To restate our initial explanation of its operation, the HIERARCHY_UNIQUE_NAME property, when acting upon a member, returns the unique name (the MDX “qualified” name) of the hierarchy to which the object to which it is appended with the period (“.”) delimiter belongs. HIERARCHY_UNIQUE_NAME can be used for a great deal more than the support of simple lists of unique object names, as we have intimated. When we couple it with other functions, we can leverage HIERARCHY_UNIQUE_NAME to deliver a wide range of analysis and reporting utility. As in so many cases with the Microsoft integrated business intelligence solution, consisting of MSSQL Server, Analysis Services and Reporting Services, this function, residing within the Analysis Services layer, can be extended to support capabilities and attributes in the Reporting Services layer. Knowing “where to put the intelligence” among the various layers is critical to optimization, in many cases. For more of my observations on this subject, see Multi-Layered Business Intelligence Solutions ... Require Multi-Layered Architects.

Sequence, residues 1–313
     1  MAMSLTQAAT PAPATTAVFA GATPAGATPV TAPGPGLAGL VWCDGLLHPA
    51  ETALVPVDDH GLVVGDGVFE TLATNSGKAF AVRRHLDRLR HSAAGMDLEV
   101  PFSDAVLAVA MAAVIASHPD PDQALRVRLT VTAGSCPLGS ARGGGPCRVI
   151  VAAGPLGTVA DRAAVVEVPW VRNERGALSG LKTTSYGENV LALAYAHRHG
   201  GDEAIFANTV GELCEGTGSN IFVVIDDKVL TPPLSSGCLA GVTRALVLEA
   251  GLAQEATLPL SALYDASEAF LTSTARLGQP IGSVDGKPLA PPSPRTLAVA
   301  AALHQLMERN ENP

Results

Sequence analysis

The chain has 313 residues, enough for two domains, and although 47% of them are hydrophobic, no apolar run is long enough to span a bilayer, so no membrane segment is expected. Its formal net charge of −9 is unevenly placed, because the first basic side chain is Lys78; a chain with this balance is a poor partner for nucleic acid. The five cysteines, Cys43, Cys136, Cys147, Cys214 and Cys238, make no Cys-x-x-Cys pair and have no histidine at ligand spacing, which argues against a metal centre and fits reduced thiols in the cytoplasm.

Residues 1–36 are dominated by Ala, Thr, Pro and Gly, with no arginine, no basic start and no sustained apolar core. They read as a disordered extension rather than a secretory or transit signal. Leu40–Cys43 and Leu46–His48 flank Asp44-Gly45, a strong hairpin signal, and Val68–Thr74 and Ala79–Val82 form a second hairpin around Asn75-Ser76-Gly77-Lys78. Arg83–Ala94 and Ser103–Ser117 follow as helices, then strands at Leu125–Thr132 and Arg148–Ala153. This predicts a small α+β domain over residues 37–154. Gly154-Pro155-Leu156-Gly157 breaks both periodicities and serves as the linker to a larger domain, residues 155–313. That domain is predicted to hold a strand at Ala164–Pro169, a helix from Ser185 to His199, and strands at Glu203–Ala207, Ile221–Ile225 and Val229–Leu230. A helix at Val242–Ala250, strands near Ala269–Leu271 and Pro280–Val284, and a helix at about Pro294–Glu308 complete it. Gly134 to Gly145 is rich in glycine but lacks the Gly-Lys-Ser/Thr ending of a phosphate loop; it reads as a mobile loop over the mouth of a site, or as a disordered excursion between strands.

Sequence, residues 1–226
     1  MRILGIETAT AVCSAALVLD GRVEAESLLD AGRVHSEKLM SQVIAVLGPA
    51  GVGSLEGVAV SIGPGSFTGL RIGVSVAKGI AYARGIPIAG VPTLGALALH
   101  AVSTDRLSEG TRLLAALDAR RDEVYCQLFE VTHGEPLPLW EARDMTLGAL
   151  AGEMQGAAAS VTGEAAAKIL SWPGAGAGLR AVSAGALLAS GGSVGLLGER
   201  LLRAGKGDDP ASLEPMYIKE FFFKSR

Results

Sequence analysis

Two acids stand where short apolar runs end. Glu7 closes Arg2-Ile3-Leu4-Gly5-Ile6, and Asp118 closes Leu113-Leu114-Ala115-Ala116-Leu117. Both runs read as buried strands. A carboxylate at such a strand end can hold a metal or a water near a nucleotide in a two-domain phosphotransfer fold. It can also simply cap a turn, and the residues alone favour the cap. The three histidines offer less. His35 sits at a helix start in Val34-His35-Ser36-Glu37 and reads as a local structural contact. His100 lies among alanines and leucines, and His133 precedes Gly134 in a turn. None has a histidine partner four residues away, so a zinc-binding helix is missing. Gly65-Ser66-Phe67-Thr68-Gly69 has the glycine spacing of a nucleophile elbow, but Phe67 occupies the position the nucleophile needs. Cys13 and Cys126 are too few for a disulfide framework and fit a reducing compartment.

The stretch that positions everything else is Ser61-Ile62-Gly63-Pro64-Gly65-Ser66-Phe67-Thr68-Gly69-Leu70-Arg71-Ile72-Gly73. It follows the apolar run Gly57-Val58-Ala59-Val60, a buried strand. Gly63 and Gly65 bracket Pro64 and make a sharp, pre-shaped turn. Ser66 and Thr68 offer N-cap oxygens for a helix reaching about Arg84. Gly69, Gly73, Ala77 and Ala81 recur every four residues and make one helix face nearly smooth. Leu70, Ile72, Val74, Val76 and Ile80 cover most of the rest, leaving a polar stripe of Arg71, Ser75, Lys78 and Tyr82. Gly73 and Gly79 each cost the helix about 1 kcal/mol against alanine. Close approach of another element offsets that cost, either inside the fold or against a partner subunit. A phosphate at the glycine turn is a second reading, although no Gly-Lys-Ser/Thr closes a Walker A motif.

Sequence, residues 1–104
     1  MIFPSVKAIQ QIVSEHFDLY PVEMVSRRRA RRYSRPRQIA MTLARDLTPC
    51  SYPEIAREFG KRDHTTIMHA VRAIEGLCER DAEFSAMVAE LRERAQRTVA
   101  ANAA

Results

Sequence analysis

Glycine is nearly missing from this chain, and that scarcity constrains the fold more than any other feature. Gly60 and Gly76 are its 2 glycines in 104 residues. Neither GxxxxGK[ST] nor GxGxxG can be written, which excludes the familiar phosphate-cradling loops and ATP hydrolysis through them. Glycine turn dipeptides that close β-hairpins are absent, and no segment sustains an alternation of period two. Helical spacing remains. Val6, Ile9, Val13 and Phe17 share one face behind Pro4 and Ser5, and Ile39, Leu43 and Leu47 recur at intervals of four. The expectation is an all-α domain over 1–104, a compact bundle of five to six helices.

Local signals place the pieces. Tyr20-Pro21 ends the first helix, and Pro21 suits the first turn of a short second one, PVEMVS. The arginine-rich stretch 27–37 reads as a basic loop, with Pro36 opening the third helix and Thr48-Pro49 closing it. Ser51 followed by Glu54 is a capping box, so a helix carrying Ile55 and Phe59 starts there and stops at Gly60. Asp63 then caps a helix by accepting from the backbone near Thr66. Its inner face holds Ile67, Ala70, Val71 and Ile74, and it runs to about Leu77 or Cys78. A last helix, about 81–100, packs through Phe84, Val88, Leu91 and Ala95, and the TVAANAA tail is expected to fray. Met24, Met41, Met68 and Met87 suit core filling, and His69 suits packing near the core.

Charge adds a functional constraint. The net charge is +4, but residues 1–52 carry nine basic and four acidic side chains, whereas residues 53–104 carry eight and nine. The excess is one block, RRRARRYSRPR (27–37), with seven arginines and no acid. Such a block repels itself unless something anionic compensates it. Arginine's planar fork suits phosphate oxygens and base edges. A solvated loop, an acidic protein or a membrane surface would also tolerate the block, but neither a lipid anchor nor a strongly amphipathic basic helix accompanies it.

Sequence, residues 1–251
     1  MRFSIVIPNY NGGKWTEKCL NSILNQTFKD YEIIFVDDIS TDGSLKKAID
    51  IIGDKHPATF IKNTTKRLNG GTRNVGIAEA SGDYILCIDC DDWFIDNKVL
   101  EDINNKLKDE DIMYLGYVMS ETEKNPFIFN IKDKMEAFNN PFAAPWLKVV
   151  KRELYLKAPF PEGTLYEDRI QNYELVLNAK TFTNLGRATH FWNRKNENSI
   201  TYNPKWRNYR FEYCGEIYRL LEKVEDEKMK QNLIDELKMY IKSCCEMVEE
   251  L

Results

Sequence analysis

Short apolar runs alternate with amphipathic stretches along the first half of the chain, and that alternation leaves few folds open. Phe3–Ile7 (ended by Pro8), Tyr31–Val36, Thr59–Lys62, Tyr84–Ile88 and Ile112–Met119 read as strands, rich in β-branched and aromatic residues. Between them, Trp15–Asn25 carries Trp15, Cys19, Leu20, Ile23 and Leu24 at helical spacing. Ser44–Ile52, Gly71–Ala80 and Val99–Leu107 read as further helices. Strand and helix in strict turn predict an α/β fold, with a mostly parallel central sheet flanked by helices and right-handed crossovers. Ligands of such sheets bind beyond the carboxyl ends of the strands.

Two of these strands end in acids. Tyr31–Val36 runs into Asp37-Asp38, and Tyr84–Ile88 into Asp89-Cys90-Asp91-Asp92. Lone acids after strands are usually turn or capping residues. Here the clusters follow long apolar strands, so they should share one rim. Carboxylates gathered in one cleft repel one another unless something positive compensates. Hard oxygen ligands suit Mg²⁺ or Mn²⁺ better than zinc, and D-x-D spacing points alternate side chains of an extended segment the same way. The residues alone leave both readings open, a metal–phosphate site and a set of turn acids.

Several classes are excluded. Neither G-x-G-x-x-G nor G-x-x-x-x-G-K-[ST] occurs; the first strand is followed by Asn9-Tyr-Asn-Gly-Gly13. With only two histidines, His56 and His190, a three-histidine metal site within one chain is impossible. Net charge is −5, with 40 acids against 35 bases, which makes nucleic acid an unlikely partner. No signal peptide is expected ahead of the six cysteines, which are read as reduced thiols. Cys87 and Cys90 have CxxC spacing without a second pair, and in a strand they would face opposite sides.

The HIERARCHY_UNIQUE_NAME property returns, as we have noted, the unique hierarchy name with which the specified member is associated, and can be used for querying and display, among other, purposes. If the member belongs to more than one hierarchy, there is, within the returned dataset, one row for each hierarchy to which the member belongs. (Per the Analysis Services Books Online, each component of this name is delimited for providers that generate unique names by qualification.)

Let’s look at some syntax illustrations to further clarify the operation of HIERARCHY_UNIQUE_NAME.

Syntax

Syntactically, anytime we employ the HIERARCHY_UNIQUE_NAME property to return the associated hierarchy name, the member for which we seek to return the hierarchy name is specified to the left of HIERARCHY_UNIQUE_NAME. The property takes the object to which it is appended as its argument, and returns, within a string, the unique hierarchy name to which the specified object belongs. The general syntax is shown in the following string:

<<Member_Expression>>.HIERARCHY_UNIQUE_NAME